That does not mean the child is incapable of relating at all. It only means you're assuming a shared system, a shared understanding of signals and meanings, that the child in fact does not share. It's as if you tried to have an intimate conversation with someone who has no comprehension of your language. Of course the person won't understand what you're talking about, won't respond in the way you expect, and may well find the whole interaction confusing and unpleasant.

It takes more work to communicate with someone whose native language isn't the same as yours.

And autism goes deeper than language and culture; autistic people are "foreigners" in any society.

You're going to have to give up your assumptions about shared meanings. You're going to have to learn to back up to levels more basic than you've probably thought about before, to translate, and to check to make sure your translations are understood. You're going to have to give up the certainty that comes of being on your own familiar territory, of knowing you're in charge, and let your child teach you a little of her language, guide you a little way into his world.

And the outcome, if you succeed, still will not be a normal parent-child relationship. Your autistic child may learn to talk, may attend regular classes in school, may go to college, drive a car, live independently, have a career--but will never relate to you as other children relate to their parents.

Or your autistic child may never speak, may graduate from a self-contained special education classroom to a sheltered activity program or a residential facility, may need lifelong full-time care and supervision--but is not completely beyond your reach. The ways we relate are different. Push for the things your expectations tell you are normal, and you'll find frustration, disappointment,resentment, maybe even rage and hatred.

Approach respectfully, without preconceptions, and with openness to learning new things, and you'll find a world you could never have imagined.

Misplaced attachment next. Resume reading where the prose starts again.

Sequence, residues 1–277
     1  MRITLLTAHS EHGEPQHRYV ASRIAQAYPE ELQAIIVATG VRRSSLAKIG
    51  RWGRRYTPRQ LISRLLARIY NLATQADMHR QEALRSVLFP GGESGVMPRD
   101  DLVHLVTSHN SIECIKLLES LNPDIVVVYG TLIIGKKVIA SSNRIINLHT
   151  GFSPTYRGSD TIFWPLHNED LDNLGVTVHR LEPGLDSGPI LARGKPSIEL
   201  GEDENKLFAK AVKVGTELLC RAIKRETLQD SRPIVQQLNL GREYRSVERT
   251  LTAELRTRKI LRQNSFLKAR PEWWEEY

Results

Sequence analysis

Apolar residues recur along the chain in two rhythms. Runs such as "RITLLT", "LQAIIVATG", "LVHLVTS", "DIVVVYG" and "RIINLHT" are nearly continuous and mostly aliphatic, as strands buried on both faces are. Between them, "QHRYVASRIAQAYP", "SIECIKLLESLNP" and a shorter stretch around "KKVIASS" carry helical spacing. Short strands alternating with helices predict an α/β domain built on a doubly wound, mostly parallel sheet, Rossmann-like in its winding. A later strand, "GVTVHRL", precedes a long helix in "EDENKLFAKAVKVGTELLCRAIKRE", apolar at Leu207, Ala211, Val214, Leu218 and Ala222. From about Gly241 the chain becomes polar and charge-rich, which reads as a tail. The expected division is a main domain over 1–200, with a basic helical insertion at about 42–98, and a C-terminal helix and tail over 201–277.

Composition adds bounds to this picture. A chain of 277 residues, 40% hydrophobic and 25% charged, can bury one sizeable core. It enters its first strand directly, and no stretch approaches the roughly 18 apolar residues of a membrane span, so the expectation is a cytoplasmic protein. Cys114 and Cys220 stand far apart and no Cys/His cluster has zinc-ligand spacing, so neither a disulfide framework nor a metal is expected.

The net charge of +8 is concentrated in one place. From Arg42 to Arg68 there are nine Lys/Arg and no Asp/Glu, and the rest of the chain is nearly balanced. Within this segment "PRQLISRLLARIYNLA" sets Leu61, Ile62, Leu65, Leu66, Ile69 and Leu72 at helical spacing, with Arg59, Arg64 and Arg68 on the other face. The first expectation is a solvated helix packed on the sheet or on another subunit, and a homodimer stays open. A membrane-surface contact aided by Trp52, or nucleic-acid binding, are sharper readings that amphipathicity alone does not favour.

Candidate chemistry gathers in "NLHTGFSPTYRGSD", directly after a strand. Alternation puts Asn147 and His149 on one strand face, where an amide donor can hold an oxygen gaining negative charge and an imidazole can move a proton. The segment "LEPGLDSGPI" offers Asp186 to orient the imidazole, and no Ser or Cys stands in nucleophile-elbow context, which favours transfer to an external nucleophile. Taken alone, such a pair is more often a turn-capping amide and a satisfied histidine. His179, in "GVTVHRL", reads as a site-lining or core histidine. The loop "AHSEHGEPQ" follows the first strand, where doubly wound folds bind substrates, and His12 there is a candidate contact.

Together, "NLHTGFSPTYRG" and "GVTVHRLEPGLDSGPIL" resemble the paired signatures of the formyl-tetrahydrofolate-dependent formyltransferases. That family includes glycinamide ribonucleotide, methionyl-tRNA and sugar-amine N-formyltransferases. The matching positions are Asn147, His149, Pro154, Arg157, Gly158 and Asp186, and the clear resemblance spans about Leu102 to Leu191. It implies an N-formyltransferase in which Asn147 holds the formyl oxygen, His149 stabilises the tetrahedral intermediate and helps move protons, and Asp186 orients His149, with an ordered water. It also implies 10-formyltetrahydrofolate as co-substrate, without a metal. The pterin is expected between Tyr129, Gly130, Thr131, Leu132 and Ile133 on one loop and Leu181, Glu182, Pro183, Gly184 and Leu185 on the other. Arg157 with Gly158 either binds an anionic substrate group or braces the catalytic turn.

Yes, that takes more work than relating to a non-autistic person. But it can be done—unless non-autistic people are far more limited than we are in their capacity to relate. We spend our entire lives doing it. Each of us who does learn to talk to you, each of us who manages to function at all in your society, each of us who manages to reach out and make a connection with you, is operating in alien territory, making contact with alien beings.

We spend our entire lives doing this.

And then you tell us that we can't relate.

Autism is not death

Granted, autism isn't what most parents expect or look forward to when they anticipate the arrival of a child. What they expect is a child who will be like them, who will share their world and relate to them without requiring intensive on-the-job training in alien contact.

Even if their child has some disability other than autism, parents expect to be able to relate to that child on the terms that seem normal to them; and in most cases, even allowing for the limitations of various disabilities, it is possible to form the kind of bond the parents had been looking forward to.

But not when the child is autistic. Much of the grieving parents do is over the non-occurrence of the expected relationship with an expected normal child. This grief is very real, and it needs to be expected and worked through so people can get on with their lives-- but it has nothing to do with autism.

What it comes down to is that you expected something that was tremendously important to you, and you looked forward to it with great joy and excitement, and maybe for a while you thought you actually had it--and then, perhaps gradually, perhaps abruptly, you had to recognize that the thing you looked forward to hasn't happened. It isn't going to happen. No matter how many other,normal children you have, nothing will change the fact that this time, the child you waited and hoped and planned and dreamed for didn't arrive.